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Masár admonishes cabinet in farewell speech

In his last public appearance as National Bank of Slovakia (NBS) Governor, Vladimír Masár told a July 26 press conference that the central bank is prepared to intervene against further strengthening of the Slovak currency if the exchange rate does not match the development of fundamental macroeconomic indicators.
"If the difference in the development of the currency and the economy becomes significant, I see space for correction of the Slovak crown exchange rate," Masár said.


New NBS Governor Marián Jusko (left) took over his post from the outgoing Vladimír Masár on July 28.
photo: TASR

In his last public appearance as National Bank of Slovakia (NBS) Governor, Vladimír Masár told a July 26 press conference that the central bank is prepared to intervene against further strengthening of the Slovak currency if the exchange rate does not match the development of fundamental macroeconomic indicators.

"If the difference in the development of the currency and the economy becomes significant, I see space for correction of the Slovak crown exchange rate," Masár said.

The Slovak crown strengthened to 44.700 SKK/EUR in a mid-July lull from a May trough of 48.300 SKK/EUR. But analysts pointed out that the crown's recent strength reflected a recent excess of foreign currency liquidity rather than an improvement in economic fundamentals.

Slovakia issued 500 million euros worth of five year bonds at the end of June, while the International Finance Corporation launched a one billion crown bond in mid-July.

"This firming is not a lasting phenomenon. The fundamentals are not that great, and the crown could still weaken," said Martin Barto, chief strategist at state bank Slovenská Sporiteľňa (SLSP).

Masár agreed that Slovakia's macroeconomic situation had improved only marginally since the beginning of the year. Preliminary results indicate that the trade gap for 1H99 was 27.3 billion crowns, which is fully 70% of the trade deficit during the same period last year.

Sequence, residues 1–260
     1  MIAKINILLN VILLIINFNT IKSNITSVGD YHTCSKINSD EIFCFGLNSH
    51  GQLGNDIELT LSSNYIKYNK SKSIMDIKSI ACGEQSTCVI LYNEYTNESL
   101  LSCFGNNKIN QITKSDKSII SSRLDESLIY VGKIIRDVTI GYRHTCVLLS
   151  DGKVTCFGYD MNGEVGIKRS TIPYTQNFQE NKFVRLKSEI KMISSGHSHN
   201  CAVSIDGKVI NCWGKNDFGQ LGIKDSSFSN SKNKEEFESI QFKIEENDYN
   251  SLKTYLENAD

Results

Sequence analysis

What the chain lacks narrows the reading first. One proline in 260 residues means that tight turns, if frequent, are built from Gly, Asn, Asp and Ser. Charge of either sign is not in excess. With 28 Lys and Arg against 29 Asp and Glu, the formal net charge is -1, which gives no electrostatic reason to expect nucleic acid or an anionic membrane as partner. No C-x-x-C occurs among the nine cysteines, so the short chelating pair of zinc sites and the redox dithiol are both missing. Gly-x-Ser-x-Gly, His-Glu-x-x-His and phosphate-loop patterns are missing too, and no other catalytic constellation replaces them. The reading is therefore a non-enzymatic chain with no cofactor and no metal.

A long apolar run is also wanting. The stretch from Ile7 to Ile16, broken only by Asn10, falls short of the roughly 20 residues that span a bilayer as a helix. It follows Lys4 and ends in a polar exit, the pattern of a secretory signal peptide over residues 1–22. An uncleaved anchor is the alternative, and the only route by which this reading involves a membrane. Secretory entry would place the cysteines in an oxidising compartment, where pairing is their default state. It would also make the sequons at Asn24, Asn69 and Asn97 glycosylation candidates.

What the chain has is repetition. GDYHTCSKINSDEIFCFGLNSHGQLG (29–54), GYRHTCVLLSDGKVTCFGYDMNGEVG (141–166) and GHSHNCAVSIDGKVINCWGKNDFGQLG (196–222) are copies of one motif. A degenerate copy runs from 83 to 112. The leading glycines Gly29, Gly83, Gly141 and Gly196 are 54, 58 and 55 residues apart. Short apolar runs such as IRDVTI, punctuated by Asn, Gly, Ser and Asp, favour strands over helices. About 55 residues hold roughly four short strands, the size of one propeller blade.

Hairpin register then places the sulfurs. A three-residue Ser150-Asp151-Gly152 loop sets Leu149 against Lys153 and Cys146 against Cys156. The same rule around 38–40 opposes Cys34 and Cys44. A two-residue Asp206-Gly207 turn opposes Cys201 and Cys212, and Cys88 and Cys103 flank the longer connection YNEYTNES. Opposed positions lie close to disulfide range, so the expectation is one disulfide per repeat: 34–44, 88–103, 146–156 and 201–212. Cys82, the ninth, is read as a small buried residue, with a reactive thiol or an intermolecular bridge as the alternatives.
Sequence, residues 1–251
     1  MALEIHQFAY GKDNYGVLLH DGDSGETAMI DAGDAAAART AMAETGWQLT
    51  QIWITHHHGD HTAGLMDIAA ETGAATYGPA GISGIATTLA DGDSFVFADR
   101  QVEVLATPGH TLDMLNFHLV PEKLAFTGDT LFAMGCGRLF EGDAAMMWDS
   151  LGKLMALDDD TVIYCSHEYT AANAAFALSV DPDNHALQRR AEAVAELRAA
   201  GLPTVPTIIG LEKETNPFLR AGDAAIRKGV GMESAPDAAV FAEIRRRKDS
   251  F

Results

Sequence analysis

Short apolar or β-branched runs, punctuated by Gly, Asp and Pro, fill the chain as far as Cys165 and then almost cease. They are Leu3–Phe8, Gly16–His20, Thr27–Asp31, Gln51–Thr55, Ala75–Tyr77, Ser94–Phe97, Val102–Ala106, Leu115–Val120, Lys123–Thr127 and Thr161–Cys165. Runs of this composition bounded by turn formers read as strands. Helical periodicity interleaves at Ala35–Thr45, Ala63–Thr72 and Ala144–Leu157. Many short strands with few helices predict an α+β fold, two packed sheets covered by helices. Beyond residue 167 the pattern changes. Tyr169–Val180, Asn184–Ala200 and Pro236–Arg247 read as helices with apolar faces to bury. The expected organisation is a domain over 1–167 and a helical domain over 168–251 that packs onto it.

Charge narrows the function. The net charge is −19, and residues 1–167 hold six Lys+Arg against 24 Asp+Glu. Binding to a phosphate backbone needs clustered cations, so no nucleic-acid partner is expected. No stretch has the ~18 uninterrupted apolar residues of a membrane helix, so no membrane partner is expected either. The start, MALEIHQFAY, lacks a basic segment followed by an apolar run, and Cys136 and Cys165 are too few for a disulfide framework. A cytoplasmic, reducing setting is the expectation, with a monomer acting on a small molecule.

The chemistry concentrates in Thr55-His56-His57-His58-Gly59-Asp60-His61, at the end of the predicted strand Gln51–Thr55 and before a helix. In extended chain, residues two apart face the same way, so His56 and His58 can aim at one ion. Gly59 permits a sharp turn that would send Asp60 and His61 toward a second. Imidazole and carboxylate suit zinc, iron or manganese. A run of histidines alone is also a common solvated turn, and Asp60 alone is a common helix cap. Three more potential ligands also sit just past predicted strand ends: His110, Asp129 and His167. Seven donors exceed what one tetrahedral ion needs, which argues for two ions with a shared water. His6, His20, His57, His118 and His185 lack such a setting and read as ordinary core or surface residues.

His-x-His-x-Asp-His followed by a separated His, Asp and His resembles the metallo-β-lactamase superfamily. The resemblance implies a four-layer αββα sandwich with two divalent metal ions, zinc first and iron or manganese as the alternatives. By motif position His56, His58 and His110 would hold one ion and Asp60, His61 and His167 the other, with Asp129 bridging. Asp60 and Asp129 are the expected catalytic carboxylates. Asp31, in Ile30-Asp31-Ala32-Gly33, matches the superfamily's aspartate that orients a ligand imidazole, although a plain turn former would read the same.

"Fiscal developments were not entirely positive either, although the government took certain steps towards the consolidation of public finances," added Masár. "The need for refinancing is depressing interest rates on the domestic interbank market."

Masár also cited concerns with Slovakia's foreign debt, which although improving through the first quarter of the year (see Economic Briefs, this page), had been inflated by the recent eurobond issue and the IFC bond. The recent issues, he said, had also decreased the volume of foreign loans available for other Slovak entities.

The NBS is critical of the slow pace of economic restructuring in the first half of 1999, and is particularly unhappy that no progress has been made with the banking sector. Masár linked these deficiencies to a lower-than-anticipated influx of direct foreign investments. In the first four months of 1999, he said, foreign investments totaled 2.2 billion crowns, only one-third of the volume in the same period of 1998.

The NBS revised its monetary program for 1999 earlier this year, in particular with regard to projected GDP growth and the fiscal deficit. The central bank now expects GDP growth to 2% and a fiscal deficit of below 3.3% of GDP. The current account deficit is now set for between 5 and 6% of GDP, while net inflation should be 13.5 to 15.5%.

However, Masár said that government guarantees for corporate loans, as well as the increased cost of financing the foreign debt (the crown has fallen 4.5% since January) have shaken the central bank's confidence in its fiscal deficit projections.

If the current account deficit and the state budget deficit remain above projected levels, Masár said, the NBS will keep interest rates high in order to limit domestic demand.

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